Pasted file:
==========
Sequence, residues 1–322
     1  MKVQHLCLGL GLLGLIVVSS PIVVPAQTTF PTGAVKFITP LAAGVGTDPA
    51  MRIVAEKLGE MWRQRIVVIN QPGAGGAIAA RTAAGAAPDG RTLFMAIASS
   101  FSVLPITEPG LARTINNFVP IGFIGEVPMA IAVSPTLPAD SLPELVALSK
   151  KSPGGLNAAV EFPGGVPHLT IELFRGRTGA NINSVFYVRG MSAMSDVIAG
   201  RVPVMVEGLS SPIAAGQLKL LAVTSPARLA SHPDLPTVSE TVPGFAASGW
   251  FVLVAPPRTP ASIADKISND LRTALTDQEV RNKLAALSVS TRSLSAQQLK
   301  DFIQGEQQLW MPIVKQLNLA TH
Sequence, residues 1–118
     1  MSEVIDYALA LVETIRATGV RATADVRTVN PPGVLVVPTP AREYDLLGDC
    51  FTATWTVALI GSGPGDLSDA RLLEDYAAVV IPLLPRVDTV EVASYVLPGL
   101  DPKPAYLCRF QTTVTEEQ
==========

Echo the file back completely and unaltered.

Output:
Sequence, residues 1–322
     1  MKVQHLCLGL GLLGLIVVSS PIVVPAQTTF PTGAVKFITP LAAGVGTDPA
    51  MRIVAEKLGE MWRQRIVVIN QPGAGGAIAA RTAAGAAPDG RTLFMAIASS
   101  FSVLPITEPG LARTINNFVP IGFIGEVPMA IAVSPTLPAD SLPELVALSK
   151  KSPGGLNAAV EFPGGVPHLT IELFRGRTGA NINSVFYVRG MSAMSDVIAG
   201  RVPVMVEGLS SPIAAGQLKL LAVTSPARLA SHPDLPTVSE TVPGFAASGW
   251  FVLVAPPRTP ASIADKISND LRTALTDQEV RNKLAALSVS TRSLSAQQLK
   301  DFIQGEQQLW MPIVKQLNLA TH
Sequence, residues 1–118
     1  MSEVIDYALA LVETIRATGV RATADVRTVN PPGVLVVPTP AREYDLLGDC
    51  FTATWTVALI GSGPGDLSDA RLLEDYAAVV IPLLPRVDTV EVASYVLPGL
   101  DPKPAYLCRF QTTVTEEQ